The Illustrated Historical Atlas of Sioux County Iowa

Part III Section 2 Page 3

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outstanding and nothing to show for them. Meeting after meeting was held by the Board but all to no avail; they would not approve the bonds. So the word was sent to the settlers in the east and northeast of the county that something had to be done to bring them to time. The Board having adjourned to meet again January 22, 1872, some twenty odd teams gathered early on that day at Orange City and decided to go to Calliope and attend the meeting of the Honorable Board and beg of them the acceptance of the bonds and place our people in office whom we had legally elected to the same. As the train of teams came in sight of the courthouse in Calliope where the Board was in session, the chairman seeing the string of teams heading for their place, at one adjourned the meeting and prepared to take flight for the Dakotas, but he had no sooner hitched his horses when they were again unhitched by the settlers and placed back in the barn an he was left in his sled and told that he had no business in the Dakotas but that he was to attend the meeting, approve the bonds, and place our men in office, but he still refused. The late Judge Pendleton of Sioux City was there by request of the people to plead their cause which he kept up all day, aided by Henry Hospers, while the visitors kept themselves busy by taking care of their teams and frying bacon and ham of which there was a good quantity found in a barrel in the courthouse, evidently belonging to the county, at least no evidence to the contrary as it was taken by the visitors. We have heard it said that it was the best ham that was ever had and especially since the weather was very cold, being several degrees below zero.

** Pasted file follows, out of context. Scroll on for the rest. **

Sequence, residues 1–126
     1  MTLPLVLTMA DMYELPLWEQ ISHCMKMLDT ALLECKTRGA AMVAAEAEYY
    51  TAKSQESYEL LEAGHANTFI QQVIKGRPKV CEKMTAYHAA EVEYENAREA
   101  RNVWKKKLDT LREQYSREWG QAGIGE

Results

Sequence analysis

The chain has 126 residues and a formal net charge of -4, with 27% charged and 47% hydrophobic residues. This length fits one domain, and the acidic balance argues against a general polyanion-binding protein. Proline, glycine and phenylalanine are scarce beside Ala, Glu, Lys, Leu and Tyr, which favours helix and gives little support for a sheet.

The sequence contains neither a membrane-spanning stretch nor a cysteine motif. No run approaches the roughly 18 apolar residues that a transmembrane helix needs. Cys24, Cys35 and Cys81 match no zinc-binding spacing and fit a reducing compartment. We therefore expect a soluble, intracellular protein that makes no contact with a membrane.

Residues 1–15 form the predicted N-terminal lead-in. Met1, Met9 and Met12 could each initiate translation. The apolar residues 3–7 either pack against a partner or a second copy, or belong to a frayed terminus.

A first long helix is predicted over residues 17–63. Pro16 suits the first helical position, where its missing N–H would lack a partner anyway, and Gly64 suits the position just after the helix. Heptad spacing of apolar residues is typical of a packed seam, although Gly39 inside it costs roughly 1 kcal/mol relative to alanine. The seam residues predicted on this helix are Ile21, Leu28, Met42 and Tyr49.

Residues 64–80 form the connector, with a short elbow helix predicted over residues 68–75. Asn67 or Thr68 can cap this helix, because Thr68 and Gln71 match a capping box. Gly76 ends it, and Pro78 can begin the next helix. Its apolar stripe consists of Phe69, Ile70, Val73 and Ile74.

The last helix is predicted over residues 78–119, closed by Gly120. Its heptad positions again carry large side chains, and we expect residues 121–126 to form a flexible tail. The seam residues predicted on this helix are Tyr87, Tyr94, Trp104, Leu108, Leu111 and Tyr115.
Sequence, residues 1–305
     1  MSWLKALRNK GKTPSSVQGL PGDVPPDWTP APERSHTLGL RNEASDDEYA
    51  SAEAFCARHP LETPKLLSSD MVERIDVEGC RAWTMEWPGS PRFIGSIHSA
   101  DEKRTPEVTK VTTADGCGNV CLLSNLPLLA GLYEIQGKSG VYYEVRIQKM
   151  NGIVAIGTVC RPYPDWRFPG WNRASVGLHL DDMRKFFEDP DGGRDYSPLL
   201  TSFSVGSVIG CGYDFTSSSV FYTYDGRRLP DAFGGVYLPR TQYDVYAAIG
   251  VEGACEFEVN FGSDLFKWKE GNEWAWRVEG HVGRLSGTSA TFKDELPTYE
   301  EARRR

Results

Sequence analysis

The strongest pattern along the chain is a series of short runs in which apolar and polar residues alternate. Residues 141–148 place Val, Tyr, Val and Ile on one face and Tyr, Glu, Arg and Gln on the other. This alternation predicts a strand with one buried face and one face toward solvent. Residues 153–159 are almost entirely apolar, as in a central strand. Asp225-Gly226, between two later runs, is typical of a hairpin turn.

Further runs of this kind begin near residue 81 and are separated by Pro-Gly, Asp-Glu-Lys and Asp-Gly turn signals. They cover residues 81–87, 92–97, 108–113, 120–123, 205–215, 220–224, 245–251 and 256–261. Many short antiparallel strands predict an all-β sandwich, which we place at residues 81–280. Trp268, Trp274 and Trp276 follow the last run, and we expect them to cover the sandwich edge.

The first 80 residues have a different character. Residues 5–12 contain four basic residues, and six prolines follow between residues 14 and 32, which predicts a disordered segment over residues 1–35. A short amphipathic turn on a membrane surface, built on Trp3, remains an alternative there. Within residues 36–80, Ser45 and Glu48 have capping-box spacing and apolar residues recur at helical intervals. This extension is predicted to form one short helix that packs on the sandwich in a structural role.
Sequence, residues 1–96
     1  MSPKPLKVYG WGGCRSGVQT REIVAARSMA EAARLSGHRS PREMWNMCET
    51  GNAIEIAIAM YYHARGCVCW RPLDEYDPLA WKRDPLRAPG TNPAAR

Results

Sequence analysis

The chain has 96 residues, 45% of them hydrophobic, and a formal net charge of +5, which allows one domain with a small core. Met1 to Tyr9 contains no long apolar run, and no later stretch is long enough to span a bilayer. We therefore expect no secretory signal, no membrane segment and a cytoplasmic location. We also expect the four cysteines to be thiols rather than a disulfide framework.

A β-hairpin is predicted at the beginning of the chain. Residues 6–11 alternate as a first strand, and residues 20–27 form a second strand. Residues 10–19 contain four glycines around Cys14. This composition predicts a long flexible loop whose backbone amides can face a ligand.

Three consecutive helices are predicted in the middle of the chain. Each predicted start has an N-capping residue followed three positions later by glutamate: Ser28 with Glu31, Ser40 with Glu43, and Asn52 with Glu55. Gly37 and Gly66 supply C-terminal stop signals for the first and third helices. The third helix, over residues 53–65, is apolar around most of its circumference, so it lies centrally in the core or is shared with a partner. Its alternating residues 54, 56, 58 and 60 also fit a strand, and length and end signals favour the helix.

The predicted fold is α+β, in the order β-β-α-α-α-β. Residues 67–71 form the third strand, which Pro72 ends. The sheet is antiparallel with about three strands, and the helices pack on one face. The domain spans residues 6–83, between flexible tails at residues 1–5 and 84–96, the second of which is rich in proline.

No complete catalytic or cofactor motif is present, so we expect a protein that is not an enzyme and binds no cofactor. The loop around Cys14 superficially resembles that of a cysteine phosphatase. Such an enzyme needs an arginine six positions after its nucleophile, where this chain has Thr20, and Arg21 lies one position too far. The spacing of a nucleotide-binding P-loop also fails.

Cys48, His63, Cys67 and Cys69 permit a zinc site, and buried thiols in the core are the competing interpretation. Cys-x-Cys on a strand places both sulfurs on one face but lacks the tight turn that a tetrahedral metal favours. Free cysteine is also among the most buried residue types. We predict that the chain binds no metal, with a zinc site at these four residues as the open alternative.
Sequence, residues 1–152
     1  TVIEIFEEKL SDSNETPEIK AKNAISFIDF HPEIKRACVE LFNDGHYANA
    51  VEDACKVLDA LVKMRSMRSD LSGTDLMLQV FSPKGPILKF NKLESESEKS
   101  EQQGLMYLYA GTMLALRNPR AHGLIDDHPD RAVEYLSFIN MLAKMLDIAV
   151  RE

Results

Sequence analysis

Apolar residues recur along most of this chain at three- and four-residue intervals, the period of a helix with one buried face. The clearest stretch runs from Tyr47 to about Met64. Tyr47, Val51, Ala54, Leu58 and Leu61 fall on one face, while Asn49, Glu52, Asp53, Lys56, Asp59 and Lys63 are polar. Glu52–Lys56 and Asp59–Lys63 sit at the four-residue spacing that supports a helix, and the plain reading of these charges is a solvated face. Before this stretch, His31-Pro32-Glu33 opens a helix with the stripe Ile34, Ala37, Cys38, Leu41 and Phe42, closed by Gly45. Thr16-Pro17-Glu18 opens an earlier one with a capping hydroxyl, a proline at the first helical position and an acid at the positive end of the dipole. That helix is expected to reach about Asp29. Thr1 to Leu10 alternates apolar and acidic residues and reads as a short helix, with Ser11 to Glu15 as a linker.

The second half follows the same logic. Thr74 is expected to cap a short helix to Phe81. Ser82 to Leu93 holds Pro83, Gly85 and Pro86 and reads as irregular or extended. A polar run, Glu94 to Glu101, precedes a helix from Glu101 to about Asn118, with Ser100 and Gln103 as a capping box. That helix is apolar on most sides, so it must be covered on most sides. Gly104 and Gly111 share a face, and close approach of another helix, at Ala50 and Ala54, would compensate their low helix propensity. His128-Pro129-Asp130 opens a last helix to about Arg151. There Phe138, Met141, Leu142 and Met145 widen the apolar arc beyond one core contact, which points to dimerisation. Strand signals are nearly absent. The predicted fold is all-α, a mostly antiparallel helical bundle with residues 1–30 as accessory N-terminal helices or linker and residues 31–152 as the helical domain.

The Board refusing to do anything in regard to the bonds, the Judge threw up his hands and said "Boys, it is all up," whereupon the visitors at one hitched their teams and took action by loading all the books of the different officers on sleds and preparing to start for home. But there was a large safe in the Treasurer's office which had been overlooked for a while and the question was raised what should be one with this. "Go it must," was the reply. But having no tools or tackle, how to get it out of the building and on to a sled was a question which was soon answered. A sled was backed up against a corner of the building where the safe stood, the wall of the building was cut away with an ax. And in less time than it takes to write this, the safe was put on the sled, the horses hitched, and off we started for Orange City, with the wind and snow blowing at the rate of sixty miles an hour. They arrived at Orange City at about midnight with all their belongings with the exception of the safe which got stalled on the west branch of the Floyd where it was left until the following morning and brought to Orange City by Hymen Den Hartog when great was the rejoicing and a thousand guns were fired in honor of the occasion. This only lasted for a few days when the sheriff, Thomas Dunham, came with the necessary documents and several yoke of cattle and took it all back to Calliope again, the Board having agreed to approve the bonds and settle the matter.
     During the summer a petition was circulated for the removal of the county seat in a legal manner to Orange City, which was signed by every inhabitant except those on the west side and the question was brought before the people at the election and carried, so the county seat was legally moved to Orange City where it has remained ever since although it has been contested time and again by other towns asking for the removal to their place. Also the question of issuing bonds for a new building having been defeated several times until the question was raised again and the people were asked to vote bonds for Sixty Thousand Dollars, Orange City putting up a bonus of Fifteen Thousand Dollars. The bonds carried and the building was erected at a cost of One Hundred Thousand Dollars.